The Gittens Clinic August 2019





For athletes, their bodies are assets, tools for their jobs. But tools wear down and need maintenance over time. If athletes aren’t maintaining their greatest tool, it could become injured and impair their ability to work in their field. Any injury can cause them to lose time and effort in whatever sport they play.

the Golden StateWarriors finish first in the NBA Western Conference in 2017 and 2018.

D’Angelo Russel The Los Angeles Lakers point guard missed two games out of the season

You see so many knee and knee joint injuries in sports like basketball, baseball, and even polo.

For some, this has meant either needing one or both knees replaced and attempting to play at full capacity afterward or walking away for their respective sports altogether. However, some athletes, including the famous ones listed below, have utilized what is known as PRP therapy, which stands for platelet-rich plasma therapy. Athletes who have given PRP therapy a try have made quite a comeback in their sports, and some have even come out of retirement. Kobe Bryant Kobe Bryant suffered from an arthritic knee, which worsened as his early 30s progressed. He could barely practice as his pain increased every day. He was wondering if he could ever reach his full potential again. He then underwent a PRP procedure in Germany. A“1,000-mile oil change,”his dad would say later in interviews. After the surgery, Kobe would tell reporters he felt stronger and faster, like he was a brand-newman, and his success with the therapy was clearly reflected in his level of play. Post-PRP, Kobe led the league in both average points scored and rebounds per game. Brandon Roy After just five years in the NBA, Brandon Roy announced his retirement in 2011. He had no more cartilage in his knees, and doctors warned that further play increased his risk of not being able to walk at all in the future. Not even a year later, he announced his comeback due to PRP therapy. Throughout his career with the Timberwolves, he averaged 5.6 points, 4.5 assists, and 2.5 rebounds per game. Stephen Curry This Golden State superstar was off the court for several games during offseason in 2016 due to a knee injury when he slipped and fell on a wet spot during a game against Houston. Curry utilized PRP therapy for a Grade 1 MCL sprain the second day after the injury occurred. He would return later in the season, and he helped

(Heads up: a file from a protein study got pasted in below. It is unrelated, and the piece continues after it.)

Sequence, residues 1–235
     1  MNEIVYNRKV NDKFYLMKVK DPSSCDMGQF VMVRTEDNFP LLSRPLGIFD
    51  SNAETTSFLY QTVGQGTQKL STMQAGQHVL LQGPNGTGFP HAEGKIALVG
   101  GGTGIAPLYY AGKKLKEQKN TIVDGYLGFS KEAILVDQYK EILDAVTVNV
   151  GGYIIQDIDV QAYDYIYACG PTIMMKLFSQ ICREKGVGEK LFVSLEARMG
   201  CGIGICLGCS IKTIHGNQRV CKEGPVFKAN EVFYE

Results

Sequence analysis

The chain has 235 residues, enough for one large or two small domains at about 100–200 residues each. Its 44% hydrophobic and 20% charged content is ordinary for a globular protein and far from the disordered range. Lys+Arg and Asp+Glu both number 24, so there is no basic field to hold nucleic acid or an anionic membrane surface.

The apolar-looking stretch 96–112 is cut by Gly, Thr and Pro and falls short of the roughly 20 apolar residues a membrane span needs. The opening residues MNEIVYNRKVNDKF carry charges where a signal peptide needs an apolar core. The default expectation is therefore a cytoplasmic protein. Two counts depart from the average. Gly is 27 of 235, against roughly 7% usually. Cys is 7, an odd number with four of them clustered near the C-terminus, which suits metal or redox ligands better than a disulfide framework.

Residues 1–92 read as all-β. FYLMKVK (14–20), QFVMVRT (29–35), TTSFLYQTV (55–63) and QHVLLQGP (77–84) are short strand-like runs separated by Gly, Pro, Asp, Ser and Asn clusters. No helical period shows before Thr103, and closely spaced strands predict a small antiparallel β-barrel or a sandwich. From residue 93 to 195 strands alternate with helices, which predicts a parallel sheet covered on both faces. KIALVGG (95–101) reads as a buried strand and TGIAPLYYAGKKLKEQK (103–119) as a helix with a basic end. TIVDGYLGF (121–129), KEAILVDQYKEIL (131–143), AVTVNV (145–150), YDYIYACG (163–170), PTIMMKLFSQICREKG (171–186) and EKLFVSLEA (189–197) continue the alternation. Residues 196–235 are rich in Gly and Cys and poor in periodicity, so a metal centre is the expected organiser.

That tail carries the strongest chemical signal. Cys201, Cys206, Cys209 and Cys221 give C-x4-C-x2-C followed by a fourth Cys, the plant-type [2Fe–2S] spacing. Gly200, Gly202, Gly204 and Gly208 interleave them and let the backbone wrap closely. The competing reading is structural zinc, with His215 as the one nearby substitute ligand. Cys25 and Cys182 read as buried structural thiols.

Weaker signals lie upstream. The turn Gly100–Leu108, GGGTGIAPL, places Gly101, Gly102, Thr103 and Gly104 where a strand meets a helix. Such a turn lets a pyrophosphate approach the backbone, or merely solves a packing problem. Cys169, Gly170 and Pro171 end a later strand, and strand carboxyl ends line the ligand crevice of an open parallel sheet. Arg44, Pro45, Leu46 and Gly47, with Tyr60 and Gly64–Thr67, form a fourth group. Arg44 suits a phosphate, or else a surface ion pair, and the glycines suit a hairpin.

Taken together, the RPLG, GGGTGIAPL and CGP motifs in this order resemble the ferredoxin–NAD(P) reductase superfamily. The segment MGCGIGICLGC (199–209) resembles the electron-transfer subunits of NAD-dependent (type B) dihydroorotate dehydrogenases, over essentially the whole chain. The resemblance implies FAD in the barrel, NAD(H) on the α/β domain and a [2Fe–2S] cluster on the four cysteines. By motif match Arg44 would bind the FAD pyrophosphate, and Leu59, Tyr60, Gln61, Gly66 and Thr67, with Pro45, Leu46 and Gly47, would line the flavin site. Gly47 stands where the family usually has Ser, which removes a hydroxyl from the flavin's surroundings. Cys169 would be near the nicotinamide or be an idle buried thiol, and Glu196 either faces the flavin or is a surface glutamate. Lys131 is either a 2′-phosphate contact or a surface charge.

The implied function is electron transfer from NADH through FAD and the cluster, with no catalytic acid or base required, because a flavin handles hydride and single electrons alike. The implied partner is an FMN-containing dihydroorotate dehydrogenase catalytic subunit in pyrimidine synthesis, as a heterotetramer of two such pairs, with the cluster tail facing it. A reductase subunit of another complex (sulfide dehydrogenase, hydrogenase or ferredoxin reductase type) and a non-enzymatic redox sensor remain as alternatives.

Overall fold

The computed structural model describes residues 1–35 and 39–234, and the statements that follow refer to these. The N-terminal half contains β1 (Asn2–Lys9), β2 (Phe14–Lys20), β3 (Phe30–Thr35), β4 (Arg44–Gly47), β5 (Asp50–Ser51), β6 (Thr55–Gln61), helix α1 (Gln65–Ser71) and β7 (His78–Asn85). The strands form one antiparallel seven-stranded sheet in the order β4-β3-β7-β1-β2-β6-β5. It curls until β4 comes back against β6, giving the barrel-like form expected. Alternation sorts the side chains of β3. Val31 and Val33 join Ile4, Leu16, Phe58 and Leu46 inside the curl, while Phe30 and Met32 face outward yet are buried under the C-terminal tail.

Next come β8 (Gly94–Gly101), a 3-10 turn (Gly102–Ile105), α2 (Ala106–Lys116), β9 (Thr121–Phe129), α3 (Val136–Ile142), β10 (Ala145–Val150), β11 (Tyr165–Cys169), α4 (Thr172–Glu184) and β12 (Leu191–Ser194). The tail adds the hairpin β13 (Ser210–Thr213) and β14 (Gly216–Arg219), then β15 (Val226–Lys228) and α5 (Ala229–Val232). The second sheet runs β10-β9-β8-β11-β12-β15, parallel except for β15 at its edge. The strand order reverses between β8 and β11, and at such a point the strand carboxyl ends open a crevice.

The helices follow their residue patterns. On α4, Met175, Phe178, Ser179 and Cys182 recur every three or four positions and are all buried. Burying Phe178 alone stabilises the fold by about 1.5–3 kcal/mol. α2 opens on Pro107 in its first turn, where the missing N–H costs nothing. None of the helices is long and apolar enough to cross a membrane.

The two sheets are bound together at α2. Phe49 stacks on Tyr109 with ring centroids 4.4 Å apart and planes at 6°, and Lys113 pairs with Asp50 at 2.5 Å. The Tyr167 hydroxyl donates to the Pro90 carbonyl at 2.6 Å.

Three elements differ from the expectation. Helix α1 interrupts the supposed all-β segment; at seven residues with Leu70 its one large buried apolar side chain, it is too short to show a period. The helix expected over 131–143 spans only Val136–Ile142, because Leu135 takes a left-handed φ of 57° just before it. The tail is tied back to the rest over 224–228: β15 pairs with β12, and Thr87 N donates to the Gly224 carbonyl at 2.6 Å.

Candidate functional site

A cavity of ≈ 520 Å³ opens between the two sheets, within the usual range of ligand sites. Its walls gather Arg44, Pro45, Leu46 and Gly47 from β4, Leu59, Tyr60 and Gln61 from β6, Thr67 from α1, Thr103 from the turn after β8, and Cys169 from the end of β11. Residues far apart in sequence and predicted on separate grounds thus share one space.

because of soreness in his left knee. This was something the second- year Lakers player initially dismissed as a light injury.

After finally receiving the therapy and missing a total of 11 games, he set several career bests and went on to his first all-star selection in 2019!

Aaron Nola This 2016 Philadelphia Phillie all-star received PRP therapy to treat his strained right elbow ligament. As he went into the 2017 season, he was quoted saying that his right elbow was“100% healed.”He then went on to be a 2018 National League All-Star and actually came in third for the 2018 National League Cy Young Award.

PRP therapy is on the rise in sports medicine as more athletes see its value and the benefits it provides. Many players are seeing PRP therapy as the more logical option over knee replacement due to recovery time and fewer side effects. If you want to learn more about what PRP therapy can do for you, please reach out to us at 833-448-8367 to schedule a consultation. -Dr. Carl Gittens


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